From The New York Times bestselling author of The Last Wife of Henry VIII comes a powerful and moving novel about Jane Seymour, third wife of Henry VIII, who married him only days after the execution of Anne Boleyn and ultimately lost her own life in giving him the son he badly needed to guarantee the Tudor succession
Born into an ambitious noble family, young Jane Seymour is sent to Court as a Maid of Honor to Catherine of Aragon, Henry VIII's aging queen. She is devoted to her mistress and watches with empathy as the calculating Anne Boleyn contrives to supplant her as queen. Anne's single-minded intriguing threatens all who stand in her way; she does not hesitate to arrange the murder of a woman who knows a secret so dark that, if revealed, would make it impossible for the king to marry Anne.
Once Anne becomes queen, no one at court is safe, and Jane herself becomes the victim of Anne's venomous rage when she suspects Jane has become the object of the king's lust. Henry, fearing that Anne's inability to give him a son is a sign of divine wrath, asks Jane to become his next queen. Deeply reluctant to embark on such a dangerous course, Jane must choose between her heart and her loyalty to the king.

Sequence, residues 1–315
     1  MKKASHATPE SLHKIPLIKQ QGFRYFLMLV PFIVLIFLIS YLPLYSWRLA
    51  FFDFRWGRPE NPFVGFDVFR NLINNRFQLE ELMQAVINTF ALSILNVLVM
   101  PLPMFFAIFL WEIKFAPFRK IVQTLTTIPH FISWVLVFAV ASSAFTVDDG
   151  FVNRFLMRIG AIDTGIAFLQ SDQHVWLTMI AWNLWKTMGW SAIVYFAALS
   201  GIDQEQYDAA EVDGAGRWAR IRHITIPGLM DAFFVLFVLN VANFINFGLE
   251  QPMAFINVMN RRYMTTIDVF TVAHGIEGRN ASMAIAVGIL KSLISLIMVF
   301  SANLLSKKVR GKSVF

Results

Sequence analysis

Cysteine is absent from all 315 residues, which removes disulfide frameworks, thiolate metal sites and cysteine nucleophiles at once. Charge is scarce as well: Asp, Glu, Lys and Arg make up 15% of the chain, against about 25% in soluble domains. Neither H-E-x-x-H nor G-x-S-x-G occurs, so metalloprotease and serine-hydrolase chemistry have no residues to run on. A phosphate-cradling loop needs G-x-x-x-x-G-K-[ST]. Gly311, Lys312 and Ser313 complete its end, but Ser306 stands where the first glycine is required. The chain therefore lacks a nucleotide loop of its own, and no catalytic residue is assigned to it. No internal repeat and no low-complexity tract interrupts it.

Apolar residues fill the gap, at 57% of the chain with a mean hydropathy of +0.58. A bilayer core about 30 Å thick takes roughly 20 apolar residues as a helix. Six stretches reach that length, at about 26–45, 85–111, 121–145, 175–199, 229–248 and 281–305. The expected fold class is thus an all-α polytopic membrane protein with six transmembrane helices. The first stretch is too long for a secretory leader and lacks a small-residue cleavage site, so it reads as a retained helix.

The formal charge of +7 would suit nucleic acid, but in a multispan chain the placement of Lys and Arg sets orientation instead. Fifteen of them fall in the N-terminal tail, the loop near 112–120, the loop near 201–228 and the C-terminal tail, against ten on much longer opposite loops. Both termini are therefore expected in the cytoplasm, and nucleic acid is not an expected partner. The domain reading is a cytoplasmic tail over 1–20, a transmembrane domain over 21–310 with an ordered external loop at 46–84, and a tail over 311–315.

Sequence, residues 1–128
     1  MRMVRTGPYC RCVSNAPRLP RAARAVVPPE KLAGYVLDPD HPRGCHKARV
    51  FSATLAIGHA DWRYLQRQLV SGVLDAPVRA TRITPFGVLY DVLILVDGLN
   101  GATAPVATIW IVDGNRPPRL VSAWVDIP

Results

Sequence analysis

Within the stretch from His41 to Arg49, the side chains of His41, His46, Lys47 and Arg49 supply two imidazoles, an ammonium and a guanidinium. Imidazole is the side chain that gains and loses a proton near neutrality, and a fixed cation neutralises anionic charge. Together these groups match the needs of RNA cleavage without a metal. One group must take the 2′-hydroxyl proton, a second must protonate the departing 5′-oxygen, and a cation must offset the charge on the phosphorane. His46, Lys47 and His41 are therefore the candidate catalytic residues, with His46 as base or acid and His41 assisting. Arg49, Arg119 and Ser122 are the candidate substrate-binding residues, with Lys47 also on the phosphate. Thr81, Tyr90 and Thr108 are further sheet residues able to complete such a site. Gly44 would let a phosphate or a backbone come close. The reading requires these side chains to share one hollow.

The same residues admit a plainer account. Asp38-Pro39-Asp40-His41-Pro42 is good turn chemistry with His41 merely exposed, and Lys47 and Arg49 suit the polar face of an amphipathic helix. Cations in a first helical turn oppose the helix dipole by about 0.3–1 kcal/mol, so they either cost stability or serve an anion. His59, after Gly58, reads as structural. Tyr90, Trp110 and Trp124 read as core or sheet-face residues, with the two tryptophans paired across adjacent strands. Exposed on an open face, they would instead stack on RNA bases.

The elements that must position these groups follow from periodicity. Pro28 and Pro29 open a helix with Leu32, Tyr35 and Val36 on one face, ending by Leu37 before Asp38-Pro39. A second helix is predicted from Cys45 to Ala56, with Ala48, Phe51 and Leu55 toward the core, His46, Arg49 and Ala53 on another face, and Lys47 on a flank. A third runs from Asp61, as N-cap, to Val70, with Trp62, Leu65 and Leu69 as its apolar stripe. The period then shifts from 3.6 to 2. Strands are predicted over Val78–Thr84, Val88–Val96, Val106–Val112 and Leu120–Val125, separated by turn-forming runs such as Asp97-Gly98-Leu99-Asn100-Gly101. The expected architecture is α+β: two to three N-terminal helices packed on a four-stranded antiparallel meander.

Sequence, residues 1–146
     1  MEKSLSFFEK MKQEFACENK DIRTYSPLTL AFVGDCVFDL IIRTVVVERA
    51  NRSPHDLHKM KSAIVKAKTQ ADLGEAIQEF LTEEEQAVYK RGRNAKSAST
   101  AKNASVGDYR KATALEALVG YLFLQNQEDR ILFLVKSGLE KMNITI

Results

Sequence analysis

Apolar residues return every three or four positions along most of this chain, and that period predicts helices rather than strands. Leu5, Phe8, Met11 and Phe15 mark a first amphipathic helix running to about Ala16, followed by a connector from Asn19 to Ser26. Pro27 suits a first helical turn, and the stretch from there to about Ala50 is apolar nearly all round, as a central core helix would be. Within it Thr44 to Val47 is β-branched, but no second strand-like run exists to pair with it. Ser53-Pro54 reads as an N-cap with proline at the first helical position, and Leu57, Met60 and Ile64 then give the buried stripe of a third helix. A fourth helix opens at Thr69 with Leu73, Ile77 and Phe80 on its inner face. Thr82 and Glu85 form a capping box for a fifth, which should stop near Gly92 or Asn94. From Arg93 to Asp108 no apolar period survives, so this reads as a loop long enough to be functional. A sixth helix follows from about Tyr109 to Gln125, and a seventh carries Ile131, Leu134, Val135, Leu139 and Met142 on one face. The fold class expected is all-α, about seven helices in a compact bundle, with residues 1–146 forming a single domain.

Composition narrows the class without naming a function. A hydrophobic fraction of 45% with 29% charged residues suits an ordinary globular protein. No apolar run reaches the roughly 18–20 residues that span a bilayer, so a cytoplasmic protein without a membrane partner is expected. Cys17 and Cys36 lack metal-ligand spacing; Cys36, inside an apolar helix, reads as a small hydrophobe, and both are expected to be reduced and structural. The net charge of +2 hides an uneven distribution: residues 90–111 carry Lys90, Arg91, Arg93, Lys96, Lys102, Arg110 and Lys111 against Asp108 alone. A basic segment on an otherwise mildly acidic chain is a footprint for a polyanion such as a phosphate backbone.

Acclaimed biographer and bestselling novelist Carolly Erickson weaves another of her irresistible historical entertainments about the queen who finally gave Henry VIII his longed for heir, set against the excitement and danger of the Tudor Court.
Known throughout history as the third wife of Henry VIII and the only one to give birth to his son, Edward, Jane Seymour begins as a servant to Queen Catherine, and later serves Queen Anne Boleyn. She observes Catherine being set aside and Anne's eventual fall from grace, and sees that nothing will stop Anne as she tries to get her way. In this historical romance, Anne Boleyn is a vicious caricature conniving, manipulative, psychotic, and prone to wild rages, while Henry is consumed with his desire for a son. Heroine Jane doesn't seem to have much agency, which unfortunately makes her a dull protagonist. While Erickson's (The Last Wife of Henry VIII) prose is competent, there are dozens of more interesting Tudor historicals to attract readers' attention.